All of the cheese used at Tony Maronniâ€™s is made from Wisconsinâ€™s own Grande Cheese Company. In fact, Lippold takes pride in using the freshest local ingredients that he can find.
With 19 different artisan pizzas and more than 30 toppings to choose from when building your own pie, I think Tony Maronniâ€™s is worth a visit. I think Cousin Vinnyâ€™s Favorite will be next when I return.
No Talkbacks for this article.
Post your comment/review now
Disclaimer: Please note that Facebook comments are posted through Facebook and cannot be approved, edited or declined by OnMilwaukee.com. The opinions expressed in Facebook comments do not necessarily reflect those of OnMilwaukee.com or its staff.
Recent Articles & Blogs by Rick Rodriguez
Published May 6, 2015
Mangia Wine Bar received a major remodel a little over a year ago and features a wood burning pizza oven behind the bar, where patrons can enjoy a glass of wine or cocktail while pasta and pizza dough are being made just a few feet away. The combination of Executive Chef Jason Gorman and a wood burning pizza oven warranted a drive south to Kenosha for pizza.
Published April 2, 2015
Bay View has become a popular part of town to eat and drink over the past few years. It's also a place where one can find a pizzeria in the back of a small tavern with a completely different name and a completely different owner. Such is the case with Vinchi's Pizza, which has been located inside The Bubbler at 3158 S. Howell Ave. for the past three years.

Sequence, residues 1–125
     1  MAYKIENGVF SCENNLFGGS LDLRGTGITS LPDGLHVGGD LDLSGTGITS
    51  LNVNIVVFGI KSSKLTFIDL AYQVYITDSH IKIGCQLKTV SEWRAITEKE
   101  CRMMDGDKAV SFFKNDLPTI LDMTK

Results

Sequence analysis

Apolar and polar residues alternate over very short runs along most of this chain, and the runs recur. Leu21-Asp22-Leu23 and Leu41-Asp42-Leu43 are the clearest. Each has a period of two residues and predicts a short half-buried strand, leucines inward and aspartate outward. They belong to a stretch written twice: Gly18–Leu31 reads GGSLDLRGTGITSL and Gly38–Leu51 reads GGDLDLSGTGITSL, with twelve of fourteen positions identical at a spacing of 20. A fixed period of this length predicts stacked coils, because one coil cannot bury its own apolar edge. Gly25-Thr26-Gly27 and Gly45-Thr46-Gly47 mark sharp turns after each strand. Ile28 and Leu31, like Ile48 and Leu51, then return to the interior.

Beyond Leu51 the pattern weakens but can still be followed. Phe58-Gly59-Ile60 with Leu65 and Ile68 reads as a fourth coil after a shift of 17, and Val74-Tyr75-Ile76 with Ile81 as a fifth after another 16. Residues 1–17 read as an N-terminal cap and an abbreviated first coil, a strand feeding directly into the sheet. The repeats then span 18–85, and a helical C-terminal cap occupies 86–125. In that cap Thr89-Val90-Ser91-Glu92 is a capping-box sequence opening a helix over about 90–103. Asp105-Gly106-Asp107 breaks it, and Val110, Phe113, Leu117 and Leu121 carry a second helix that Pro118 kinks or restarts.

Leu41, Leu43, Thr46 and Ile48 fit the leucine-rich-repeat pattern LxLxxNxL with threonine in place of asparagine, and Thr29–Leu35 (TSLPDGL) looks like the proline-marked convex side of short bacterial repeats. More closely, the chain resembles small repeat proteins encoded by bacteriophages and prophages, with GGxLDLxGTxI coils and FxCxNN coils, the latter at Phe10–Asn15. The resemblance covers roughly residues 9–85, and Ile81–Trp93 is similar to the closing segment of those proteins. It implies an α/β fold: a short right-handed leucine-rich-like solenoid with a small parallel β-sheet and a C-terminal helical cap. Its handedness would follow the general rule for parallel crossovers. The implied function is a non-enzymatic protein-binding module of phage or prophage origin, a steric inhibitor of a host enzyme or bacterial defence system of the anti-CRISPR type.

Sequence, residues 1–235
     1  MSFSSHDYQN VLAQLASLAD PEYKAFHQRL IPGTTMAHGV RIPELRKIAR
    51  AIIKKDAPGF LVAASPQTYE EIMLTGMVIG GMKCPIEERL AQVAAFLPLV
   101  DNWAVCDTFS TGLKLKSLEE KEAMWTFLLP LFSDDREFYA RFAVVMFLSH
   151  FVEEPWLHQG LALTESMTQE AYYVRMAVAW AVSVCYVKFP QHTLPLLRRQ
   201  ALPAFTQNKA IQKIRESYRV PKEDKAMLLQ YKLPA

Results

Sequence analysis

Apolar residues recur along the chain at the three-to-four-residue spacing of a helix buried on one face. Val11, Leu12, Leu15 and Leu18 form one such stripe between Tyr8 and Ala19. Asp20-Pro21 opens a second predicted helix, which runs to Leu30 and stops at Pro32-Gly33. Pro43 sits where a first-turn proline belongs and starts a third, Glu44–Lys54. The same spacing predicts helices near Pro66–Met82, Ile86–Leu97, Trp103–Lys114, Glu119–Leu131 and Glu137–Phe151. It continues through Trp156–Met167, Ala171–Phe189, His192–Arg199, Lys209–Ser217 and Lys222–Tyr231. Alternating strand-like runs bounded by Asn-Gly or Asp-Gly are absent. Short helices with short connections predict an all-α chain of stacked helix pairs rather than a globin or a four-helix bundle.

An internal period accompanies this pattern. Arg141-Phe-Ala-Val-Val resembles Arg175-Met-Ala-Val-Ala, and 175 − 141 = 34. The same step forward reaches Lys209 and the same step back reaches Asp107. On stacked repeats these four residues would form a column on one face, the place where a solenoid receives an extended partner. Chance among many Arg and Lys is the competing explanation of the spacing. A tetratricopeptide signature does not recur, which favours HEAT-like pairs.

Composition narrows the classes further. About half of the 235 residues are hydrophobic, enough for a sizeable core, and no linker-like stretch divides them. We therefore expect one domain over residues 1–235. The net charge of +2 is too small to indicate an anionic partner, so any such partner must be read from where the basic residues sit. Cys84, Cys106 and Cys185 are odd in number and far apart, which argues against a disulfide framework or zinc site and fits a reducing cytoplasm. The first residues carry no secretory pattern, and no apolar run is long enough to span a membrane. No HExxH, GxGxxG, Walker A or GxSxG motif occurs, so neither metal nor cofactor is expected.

Published March 4, 2015
My first experience with Cranky Al's, 6901 W. North Ave., was during the Chili'n on the Ave event in Wauwatosa a few years back. Since then, I've been hearing about their pizza and their doughnuts - the crullers in particular.
Published Feb. 4, 2015
This month's installment of Rick's quest for the perfect pizza takes him to ... the lower level of a Best Western?
Published Jan. 7, 2015
Rick's pizza journey takes him to SALA, where he talks sauce and tries one of the best pizzas he's ever had.
Published Dec. 3, 2014
Rick's constant search for perfect pizza in Milwaukee took him to Brian's in Oak Creek, where things didn't quite go as planned.
Published Nov. 5, 2014
I am one of the many that participates in fantasy football leagues. One year, a league commissioner ordered pizza from Michaelangelo's, at 8330 W. Puetz Rd in Franklin, for our draft party, and I enjoyed it enough to add it to my list.
Published Oct. 1, 2014
I googled Magellan's upon getting a recommendation and learned it offered the self-proclaimed "best pizza in Waukesha." I haven't had great experiences with Waukesha pizza, so I figured I'd give this place a visit.
Published Sept. 3, 2014
Early last year, there was quite a bit of buzz over the transformation of Palermo Villa into Divino Wine and Dine, 2315 N. Murray Ave., and equal buzz about Dean Cannestra taking over the space after closing his previous venture, Libiamo.
Published July 2, 2014
Rick's quest for the perfect pizza brings him to Capri di Nuovo, the revamped and renovated rendition of a recently closed popular West Allis Italian restaurant.